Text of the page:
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Robert King and Albert Woodfox of the Angola 3 w/ Angela Davis at UCSC
by posted by the Angola 3 Coalition
Tuesday May 15th, 2018 4:13 PM
Former political prisoners Albert Woodfox and Robert King of the Angola 3 will be in Santa Cruz next week for a May 22 event with Angela Davis, Craig Haney, and Debbie Kilroy. King and Woodfox will then be speaking at the Santa Cruz Academic Summit on Solitary Confinement & Health from May 23-25. A schedule for the Academic Summit is included here as a PDF.
sm_may22ucsc.jpg
--Information about the May 22 Panel, from the UCSC website:

https://news.ucsc.edu/2018/05/haney-davis.html

Angela Davis joins May 22 panel discussion about mass incarceration
--Panelists include two surviving members of the Angola 3, who spent a combined 72 years in solitary confinement

May 11, 2018

By Jennifer McNulty

Robert King spent 29 years in solitary confinement in the notorious Angola Prison in Louisiana. His friend and fellow prisoner Albert Woodfox spent 43 years isolated in the same facility. Since their release, they have devoted themselves to a worldwide campaign to end solitary confinement.

King and Woodfox will be joined in conversation on May 22 by Distinguished Professor Emerita Angela Davis for a panel discussion about the future of criminal justice reform. The conversation will be moderated by Distinguished Professor of Psychology Craig Haney, who holds a UC Presidential Chair. The event begins at 5:30 p.m. in the Bhojwani Room in University Center; admission is free, but seating is limited.

Davis, a UC Santa Cruz professor emerita of history of consciousness and feminist studies, is widely recognized for her scholarship on mass incarceration and her advocacy on behalf of civil rights, feminist, and prison issues.

Also participating in the discussion will be Debbie Kilroy, an Australian prison activist and the founder of "Sisters Inside," an international organization that advocates on behalf of women in prison. Kilroy, who has been called one of the world’s "leading voices on the human rights of criminalized women," is the first formerly incarcerated person in Australia to become a practicing lawyer.

"It's rare to have the opportunity to hear from those who have been most impacted by the worst injustices of our criminal justice system, as well two of the most powerful advocates for radical change," said Haney, co-director of the UC Criminal Justice & Health Consortium. "It's an honor to provide a platform for Robert King, Albert Woodfox, Angela Davis, and Debbie Kilroy."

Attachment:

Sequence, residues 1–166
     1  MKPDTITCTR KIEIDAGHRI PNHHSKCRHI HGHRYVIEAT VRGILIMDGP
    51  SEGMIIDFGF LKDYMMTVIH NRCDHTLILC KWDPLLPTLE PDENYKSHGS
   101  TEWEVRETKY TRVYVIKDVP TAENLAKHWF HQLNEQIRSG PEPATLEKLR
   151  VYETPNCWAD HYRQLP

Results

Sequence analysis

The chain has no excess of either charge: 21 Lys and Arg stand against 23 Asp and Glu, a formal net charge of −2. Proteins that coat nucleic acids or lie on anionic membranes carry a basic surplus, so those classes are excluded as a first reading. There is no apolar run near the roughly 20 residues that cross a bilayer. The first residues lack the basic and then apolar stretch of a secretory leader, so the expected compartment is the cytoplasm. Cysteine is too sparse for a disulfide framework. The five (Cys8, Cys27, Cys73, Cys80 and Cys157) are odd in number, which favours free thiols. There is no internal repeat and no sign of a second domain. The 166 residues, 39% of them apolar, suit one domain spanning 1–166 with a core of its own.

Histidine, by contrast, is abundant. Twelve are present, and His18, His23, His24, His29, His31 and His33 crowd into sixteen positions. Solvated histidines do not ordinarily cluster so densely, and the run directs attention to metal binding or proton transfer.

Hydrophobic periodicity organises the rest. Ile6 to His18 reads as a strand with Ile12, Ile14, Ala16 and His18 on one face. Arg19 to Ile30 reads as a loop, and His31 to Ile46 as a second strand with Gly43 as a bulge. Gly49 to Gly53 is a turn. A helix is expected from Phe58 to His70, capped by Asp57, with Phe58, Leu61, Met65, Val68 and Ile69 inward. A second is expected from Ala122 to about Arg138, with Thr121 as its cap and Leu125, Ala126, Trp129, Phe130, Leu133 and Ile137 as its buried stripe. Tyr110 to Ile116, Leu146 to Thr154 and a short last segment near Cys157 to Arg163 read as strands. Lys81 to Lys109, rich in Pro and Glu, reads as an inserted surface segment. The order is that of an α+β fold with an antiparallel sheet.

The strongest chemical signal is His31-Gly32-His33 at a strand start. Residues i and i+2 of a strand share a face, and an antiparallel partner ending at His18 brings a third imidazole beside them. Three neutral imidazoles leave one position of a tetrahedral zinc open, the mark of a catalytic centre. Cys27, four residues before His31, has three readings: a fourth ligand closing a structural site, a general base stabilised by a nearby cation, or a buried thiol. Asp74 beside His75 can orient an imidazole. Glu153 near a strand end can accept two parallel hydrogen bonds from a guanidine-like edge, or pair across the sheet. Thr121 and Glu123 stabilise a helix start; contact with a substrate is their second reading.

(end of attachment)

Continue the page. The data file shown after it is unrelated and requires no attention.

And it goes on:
Haney is a leading expert on the psychological effects of incarceration—particularly solitary confinement—whose testimony has played a key role in numerous court rulings calling for improved conditions inside prisons. His book, Reforming Punishment: Psychological Limits to the Pains of Imprisonment, was nominated for a National Book Award.

"I'm grateful for the opportunity to convene this remarkable group of activists and advocates," added Haney. "The evening promises to be an enlightening one for those who are able to attend."


--A3 FACT SHEET, from http://www.angola3news.com:

46 years ago, deep in rural Louisiana, three young black men were silenced for trying to expose continued segregation, systematic corruption, and horrific abuse in the biggest prison in the US, an 18,000 acre former slave plantation called Angola.

Peaceful, non-violent protest in the form of hunger and work strikes organized by inmates caught the attention of Louisiana’s elected leaders and local media in the early 1970s. They soon called for investigations into a host of unconstitutional and extraordinarily inhumane practices commonplace in what was then the “bloodiest prison in the South.” Eager to put an end to outside scrutiny, prison officials began punishing inmates they saw as troublemakers.

At the height of this unprecedented institutional chaos, Herman Wallace, Albert Woodfox, and Robert King were charged with murders they did not commit and thrown into 6x9 foot solitary cells where they remained for decades.

Their struggle for justice continued until Robert was released in 2001, Herman in 2013, and Albert in 2016.

Despite a number of reforms achieved in the mid-70s, many officials repeatedly ignored both evidence of misconduct, and of innocence.